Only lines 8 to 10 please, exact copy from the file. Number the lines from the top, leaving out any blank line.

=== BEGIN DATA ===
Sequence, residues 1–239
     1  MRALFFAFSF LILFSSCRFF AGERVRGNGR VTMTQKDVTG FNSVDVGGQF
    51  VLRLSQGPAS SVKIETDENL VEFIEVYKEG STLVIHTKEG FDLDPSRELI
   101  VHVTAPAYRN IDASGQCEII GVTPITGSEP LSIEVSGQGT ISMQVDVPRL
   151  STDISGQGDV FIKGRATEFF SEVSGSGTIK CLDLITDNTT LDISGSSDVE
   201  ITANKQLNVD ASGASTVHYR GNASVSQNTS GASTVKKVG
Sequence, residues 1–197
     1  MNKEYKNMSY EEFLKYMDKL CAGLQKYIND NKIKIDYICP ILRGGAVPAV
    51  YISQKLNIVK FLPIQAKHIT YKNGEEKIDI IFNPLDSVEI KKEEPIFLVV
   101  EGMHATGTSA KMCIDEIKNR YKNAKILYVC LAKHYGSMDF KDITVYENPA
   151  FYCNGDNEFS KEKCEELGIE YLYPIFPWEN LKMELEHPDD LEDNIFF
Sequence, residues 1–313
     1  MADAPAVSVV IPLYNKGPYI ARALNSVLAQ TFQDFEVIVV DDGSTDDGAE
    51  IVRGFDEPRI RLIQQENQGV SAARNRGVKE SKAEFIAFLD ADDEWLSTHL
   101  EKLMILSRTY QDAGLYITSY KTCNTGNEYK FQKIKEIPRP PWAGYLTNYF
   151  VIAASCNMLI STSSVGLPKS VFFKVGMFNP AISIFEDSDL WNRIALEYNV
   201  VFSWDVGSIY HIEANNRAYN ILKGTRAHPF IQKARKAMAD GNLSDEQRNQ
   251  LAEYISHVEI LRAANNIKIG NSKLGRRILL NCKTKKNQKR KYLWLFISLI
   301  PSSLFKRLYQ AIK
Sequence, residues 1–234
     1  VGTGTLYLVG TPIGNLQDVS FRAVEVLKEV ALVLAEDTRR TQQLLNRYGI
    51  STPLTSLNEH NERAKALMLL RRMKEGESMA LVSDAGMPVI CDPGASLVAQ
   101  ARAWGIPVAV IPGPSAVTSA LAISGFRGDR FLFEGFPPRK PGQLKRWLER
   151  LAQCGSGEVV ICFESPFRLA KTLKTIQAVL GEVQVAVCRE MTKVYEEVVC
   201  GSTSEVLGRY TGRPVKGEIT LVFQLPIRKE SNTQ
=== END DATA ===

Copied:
     1  MNKEYKNMSY EEFLKYMDKL CAGLQKYIND NKIKIDYICP ILRGGAVPAV
    51  YISQKLNIVK FLPIQAKHIT YKNGEEKIDI IFNPLDSVEI KKEEPIFLVV
   101  EGMHATGTSA KMCIDEIKNR YKNAKILYVC LAKHYGSMDF KDITVYENPA